Lito Sheppard, Florida (5-10, 191 lbs., 4.48) Sheppard has exciting speed and good size, but his off-field troubles seem to worry a few people. He has shown big-play potential both as a return man and in pass coverage. A standout SEC defender, he has a fearless attitude and could really develop into a top-notch pro if he matures. His impressive sophomore campaign, which included six interceptions and two punt returns for scores, earned him several All-American honors.

However, he is coming off an inconsistent season (two picks) and despite adding close to ten pounds is still a smallish defender in terms of size. He did record a tremendous 41" vertical during his workouts and has been timed as fast as 4.40 in the past.

Overall, if Sheppard has proven to teams that his troubled past is behind him then his draft status will likely fall between the late first-to-early second round.

Joseph Jefferson, Western Kentucky (6-0, 205 lbs., 4.39) Jefferson could be one of the better sleepers in the entire draft. He has nice size, terrific cover skills and is also a solid run supporter. In each of his post-season auditions, first the Blue/Gray All-Star Classic and then the ever popular Senior Bowl, he showed the rare combination of size, speed, instincts and production that usually is reserved for prospects from larger schools.

A highly productive defender, he had seven interceptions and 23 pass breakups during the final two years of his college career. However, what really excites scouts is his equally large potential as a punt returner.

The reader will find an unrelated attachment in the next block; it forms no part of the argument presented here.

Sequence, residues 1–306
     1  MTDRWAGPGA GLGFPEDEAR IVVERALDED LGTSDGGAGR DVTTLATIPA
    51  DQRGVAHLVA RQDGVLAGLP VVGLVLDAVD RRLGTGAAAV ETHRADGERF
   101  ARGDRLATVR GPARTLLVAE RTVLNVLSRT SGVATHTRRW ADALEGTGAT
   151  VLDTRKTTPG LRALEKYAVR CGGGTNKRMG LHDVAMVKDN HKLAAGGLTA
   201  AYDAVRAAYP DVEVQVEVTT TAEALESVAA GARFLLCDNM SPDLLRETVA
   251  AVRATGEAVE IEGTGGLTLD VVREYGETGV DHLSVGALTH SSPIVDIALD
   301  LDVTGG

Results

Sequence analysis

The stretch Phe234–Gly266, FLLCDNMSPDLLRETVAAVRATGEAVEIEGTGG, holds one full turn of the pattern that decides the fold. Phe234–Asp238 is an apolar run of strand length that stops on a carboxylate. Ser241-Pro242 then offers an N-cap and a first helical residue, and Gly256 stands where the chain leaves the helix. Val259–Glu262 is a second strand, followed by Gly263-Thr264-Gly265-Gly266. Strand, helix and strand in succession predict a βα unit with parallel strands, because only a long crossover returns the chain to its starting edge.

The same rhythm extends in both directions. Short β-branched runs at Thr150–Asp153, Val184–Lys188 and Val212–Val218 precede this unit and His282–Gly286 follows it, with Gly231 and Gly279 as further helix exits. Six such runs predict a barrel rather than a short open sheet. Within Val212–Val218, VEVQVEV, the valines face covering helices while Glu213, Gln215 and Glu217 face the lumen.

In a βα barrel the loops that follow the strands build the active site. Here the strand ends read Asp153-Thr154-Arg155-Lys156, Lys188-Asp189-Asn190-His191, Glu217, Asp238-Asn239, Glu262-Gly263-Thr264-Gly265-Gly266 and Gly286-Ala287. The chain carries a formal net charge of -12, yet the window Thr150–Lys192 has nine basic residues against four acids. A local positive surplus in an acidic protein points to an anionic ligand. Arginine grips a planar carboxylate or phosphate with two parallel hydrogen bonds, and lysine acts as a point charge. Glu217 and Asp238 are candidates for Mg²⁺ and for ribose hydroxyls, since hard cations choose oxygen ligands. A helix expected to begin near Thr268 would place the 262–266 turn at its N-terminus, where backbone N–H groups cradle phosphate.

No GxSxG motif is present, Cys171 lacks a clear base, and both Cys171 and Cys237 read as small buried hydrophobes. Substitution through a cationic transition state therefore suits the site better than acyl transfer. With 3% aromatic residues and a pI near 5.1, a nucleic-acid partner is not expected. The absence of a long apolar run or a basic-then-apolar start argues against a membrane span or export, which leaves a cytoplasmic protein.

He returned 45 punts for 629 yards and two touchdowns and will also be a solid contributor on coverage teams. Jefferson was the best defensive player at the Blue/Gray and coaches said he was one of the best students at the Senior Bowl. He showed the ability to learn-and-retain information at a rapid pace.

Overall, he has the versatility to play several positions in the secondary, but his combination of size/speed/potential will cause him to go off the board by round two.

"Sleeper" Travis Fisher, Central Florida (5-9, 190 lbs., 4.46) Fisher struggled to find his way early in his career, as he originally signed with Baylor before playing one year at Coffeyville CC. He is a tad undersized, but very quick and displayed intriguing cover skills at the Gridiron Classic. A consistent performer, he recorded 11 pass breakups in each of the last three seasons and intercepted a pair of passes last year.

His technique still needs some work, especially against taller receivers, as he occasionally mis-times his jumps. He is also just an average run defender that needs to improve upon his tackling skills.

Overall, Fisher will be a fine late round selection with the ability to become a steady nickel back in the league once he gains more experience.

John Murphy, is the editor of www.draft2002.com and Director of Scouting and Evaluation for NL Sports. Be sure to check out the most in-depth, up-to-the-minute 2002 NFL Draft website and you can also email your draft questions to John from the www.draft2002.com website.